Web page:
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Date: Mon, 24 Mar 2014 20:13:30 +0400
From: Solar Designer <solar@...nwall.com>
To: discussions@...sword-hashing.net
Subject: Re: [PHC] pufferfish

On Mon, Mar 24, 2014 at 10:11:20AM +0100, beloumi wrote:
> But I agree to Bill, that increasing the memory cost of Pufferfish would
> achieve more confidence, even if it is much less than other memory-hard
> schemes. The authors of bcrypt thought (1999) of 14 KB as a ?moderate?

(You meant 4 KB.)

> memory amount. Maybe in this time ?moderate? means something like 1 MB.
> I like Bcrypt and I would be glad if we could extend this algorithm for
> the current requirements. Good luck, Jeremi!

Note that L1 cache sizes haven't changed much in the last 25 years -
that's more than bcrypt's age!

In the x86 world, Intel 486 released in 1989 had 8 KB of on-chip L1
cache (unified).  Before it, 386 systems typically had 64 KB or 128 KB
(off-chip).  Shortly after it, roughly when bcrypt was introduced, L1
cache sizes of then-relevant x86 systems varied between 8 KB unified
(Intel 486), 16 KB unified (some AMD 486, AMD/Cyrix "586 class CPUs"),
8 KB data (original Pentium), or 16 KB data (Pentium MMX).

On current x86 CPUs, we still only have 16 KB of L1 data cache per
thread.  On Bulldozer, it's separate 16 KB caches.  On Intel CPUs, it's
a 32 KB cache shared between two hardware threads.

Beyond x86, it's similar, with the major exception of PA-RISC - but it's
been this sort of exception for 20+ years, thus including the time when
bcrypt was introduced.  PA-RISC systems tend to have larger, off-chip L1
caches.  They may also have on-chip buffers, but the first level of
off-chip cache is an L1 cache, including in terms of its friendliness to
bcrypt's access pattern.  e.g. bcrypt ran faster per-MHz on my 712/80
with its off-chip 128 KB L1 data cache (only 4 KB of which is used for
the Blowfish S-boxes, obviously) than it did on a Pentium:
http://www.openpa.net/systems/hp-9000_712.html
This says "1KB on-chip L1 and 256KB off-chip L1 cache" and "The 1KB
on-chip L1 cache is not really a true cache", which is about right.
IIRC, the off-chip 256 KB is split into 128 KB instruction + 128 KB data.
Other PA-RISC machines generally have even larger L1 caches, into the
megabytes.  This page: http://www.openpa.net/pa-risc_processors.html
lists some impressive "on-chip" L1 cache sizes, up to 1.5 MB.  But
that's just PA-RISC - it was already an exception in the 1990s.

Can we really go much higher than 4 KB while retaining bcrypt's access
pattern (frequent, tiny accesses)?  Should we?  Why didn't we in 1990s -
did no one think of it, were we trying to save RAM (yet UFC-crypt in
glibc wasted 128 KB on expanded and doubled DES S-boxes, IIRC even
before bcrypt was introduced), was it simply because Blowfish was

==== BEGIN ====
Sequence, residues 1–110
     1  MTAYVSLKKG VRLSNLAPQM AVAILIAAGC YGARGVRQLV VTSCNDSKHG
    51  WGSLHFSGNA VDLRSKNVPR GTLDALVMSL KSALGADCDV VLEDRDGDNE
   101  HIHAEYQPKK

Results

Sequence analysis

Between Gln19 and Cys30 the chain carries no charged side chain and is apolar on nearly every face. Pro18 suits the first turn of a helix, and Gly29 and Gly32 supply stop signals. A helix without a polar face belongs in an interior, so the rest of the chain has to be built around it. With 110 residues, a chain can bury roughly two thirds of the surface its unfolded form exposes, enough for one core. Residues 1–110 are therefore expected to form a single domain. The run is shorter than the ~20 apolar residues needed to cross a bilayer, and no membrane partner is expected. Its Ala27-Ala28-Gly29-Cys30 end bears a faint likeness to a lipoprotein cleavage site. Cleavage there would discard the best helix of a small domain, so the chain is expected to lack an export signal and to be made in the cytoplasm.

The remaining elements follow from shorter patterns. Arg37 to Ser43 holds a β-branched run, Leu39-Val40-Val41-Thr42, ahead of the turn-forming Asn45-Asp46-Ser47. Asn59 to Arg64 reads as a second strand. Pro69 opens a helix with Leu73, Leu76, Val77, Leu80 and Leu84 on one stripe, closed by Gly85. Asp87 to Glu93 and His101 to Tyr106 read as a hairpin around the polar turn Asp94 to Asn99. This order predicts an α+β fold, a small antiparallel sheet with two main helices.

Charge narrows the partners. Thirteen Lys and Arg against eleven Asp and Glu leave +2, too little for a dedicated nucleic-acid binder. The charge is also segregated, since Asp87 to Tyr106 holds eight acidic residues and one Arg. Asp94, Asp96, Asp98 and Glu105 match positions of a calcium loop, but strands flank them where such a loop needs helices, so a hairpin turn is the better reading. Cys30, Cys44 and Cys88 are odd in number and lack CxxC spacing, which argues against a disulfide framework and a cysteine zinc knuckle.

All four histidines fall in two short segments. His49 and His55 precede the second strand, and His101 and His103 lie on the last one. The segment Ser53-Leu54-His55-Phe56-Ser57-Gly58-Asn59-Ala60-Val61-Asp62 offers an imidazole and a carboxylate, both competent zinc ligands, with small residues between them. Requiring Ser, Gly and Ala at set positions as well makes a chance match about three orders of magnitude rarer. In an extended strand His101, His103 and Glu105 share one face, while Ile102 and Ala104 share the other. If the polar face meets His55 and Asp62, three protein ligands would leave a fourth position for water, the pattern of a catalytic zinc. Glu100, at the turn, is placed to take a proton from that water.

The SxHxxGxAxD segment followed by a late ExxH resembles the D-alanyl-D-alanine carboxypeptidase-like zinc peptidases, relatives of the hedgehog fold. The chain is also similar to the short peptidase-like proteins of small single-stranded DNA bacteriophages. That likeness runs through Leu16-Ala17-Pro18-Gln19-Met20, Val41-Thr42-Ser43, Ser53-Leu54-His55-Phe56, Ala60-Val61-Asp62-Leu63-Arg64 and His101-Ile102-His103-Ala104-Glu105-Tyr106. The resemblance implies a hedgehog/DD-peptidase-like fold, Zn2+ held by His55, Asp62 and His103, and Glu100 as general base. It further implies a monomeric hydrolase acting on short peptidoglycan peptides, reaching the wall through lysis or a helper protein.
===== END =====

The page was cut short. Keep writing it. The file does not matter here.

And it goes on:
designed that way and bcrypt built upon it, or did we not want to incur
the slowdown and waste bandwidth(*) by exceeding L1 cache size while
doing those tiny accesses?  I think it's some mix of these factors, and
the last one is still relevant and very important now.

(*) Yes, when we exceed L1 cache size in a bcrypt-like algorithm,
without increasing the size of individual accesses a lot, we incur not
only a slowdown, but we also _waste_ bandwidth (from higher level caches
or from memory), because entire cache lines (64 bytes on current x86, up
to 128 bytes on IBM POWER) are fetched on most accesses (except for L1
cache hits).  Do we really want to literally waste defender's resources
(waste, not use them for greater defense - this differs from stretching,
etc.), hoping that attackers will incur the same wastage?  Even if they
do, through them using similar systems with caches, do we want to
compete with those attackers in terms of L2+ cache and RAM bandwidth?
Don't we know that GPUs have higher memory bandwidth than server systems
do?  While we're in L2 or L3 cache, we might still be competitive with
GPUs' memory bandwidth, but when we exceed L3 cache, we'd give GPUs an
advantage - we'd be worse than the original bcrypt with its 4 KiB in
terms of GPU resistance, and that's while wasting memory and bandwidth.

Oh, and PA-RISC systems will be rather attractive to attackers. ;-)
Luckily, they might be behind the curve in terms of clock rates, and are
pricey, but HP might appreciate the free advertising from pufferfish
cracker benchmarks anyway (they might be cited in other contexts). ;-)

I am currently considering the range of 8 KB to 16 KB for bcrypt-like
accesses from escrypt's BlockMix.  In fact, I'll probably choose 8 KB or
12 KB, since there's a ~20% performance hit at 16 KB given escrypt's
other memory accesses.

Alexander

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